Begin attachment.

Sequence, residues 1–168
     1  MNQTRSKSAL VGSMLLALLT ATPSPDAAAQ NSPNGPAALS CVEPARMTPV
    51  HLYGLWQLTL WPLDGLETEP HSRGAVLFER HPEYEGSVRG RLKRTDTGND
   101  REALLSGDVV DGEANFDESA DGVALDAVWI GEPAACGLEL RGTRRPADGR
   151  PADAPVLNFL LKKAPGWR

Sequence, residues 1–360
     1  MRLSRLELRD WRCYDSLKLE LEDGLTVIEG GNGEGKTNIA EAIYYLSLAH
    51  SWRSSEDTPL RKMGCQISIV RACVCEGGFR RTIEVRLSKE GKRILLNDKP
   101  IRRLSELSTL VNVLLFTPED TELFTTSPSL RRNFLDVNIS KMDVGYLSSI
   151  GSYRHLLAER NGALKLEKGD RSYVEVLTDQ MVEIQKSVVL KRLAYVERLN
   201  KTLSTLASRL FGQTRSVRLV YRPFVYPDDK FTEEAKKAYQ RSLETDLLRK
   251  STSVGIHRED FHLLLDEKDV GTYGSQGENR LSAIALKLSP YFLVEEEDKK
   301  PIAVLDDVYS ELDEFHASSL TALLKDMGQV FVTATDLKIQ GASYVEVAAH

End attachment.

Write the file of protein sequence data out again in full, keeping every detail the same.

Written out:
Sequence, residues 1–168
     1  MNQTRSKSAL VGSMLLALLT ATPSPDAAAQ NSPNGPAALS CVEPARMTPV
    51  HLYGLWQLTL WPLDGLETEP HSRGAVLFER HPEYEGSVRG RLKRTDTGND
   101  REALLSGDVV DGEANFDESA DGVALDAVWI GEPAACGLEL RGTRRPADGR
   151  PADAPVLNFL LKKAPGWR

Sequence, residues 1–360
     1  MRLSRLELRD WRCYDSLKLE LEDGLTVIEG GNGEGKTNIA EAIYYLSLAH
    51  SWRSSEDTPL RKMGCQISIV RACVCEGGFR RTIEVRLSKE GKRILLNDKP
   101  IRRLSELSTL VNVLLFTPED TELFTTSPSL RRNFLDVNIS KMDVGYLSSI
   151  GSYRHLLAER NGALKLEKGD RSYVEVLTDQ MVEIQKSVVL KRLAYVERLN
   201  KTLSTLASRL FGQTRSVRLV YRPFVYPDDK FTEEAKKAYQ RSLETDLLRK
   251  STSVGIHRED FHLLLDEKDV GTYGSQGENR LSAIALKLSP YFLVEEEDKK
   301  PIAVLDDVYS ELDEFHASSL TALLKDMGQV FVTATDLKIQ GASYVEVAAH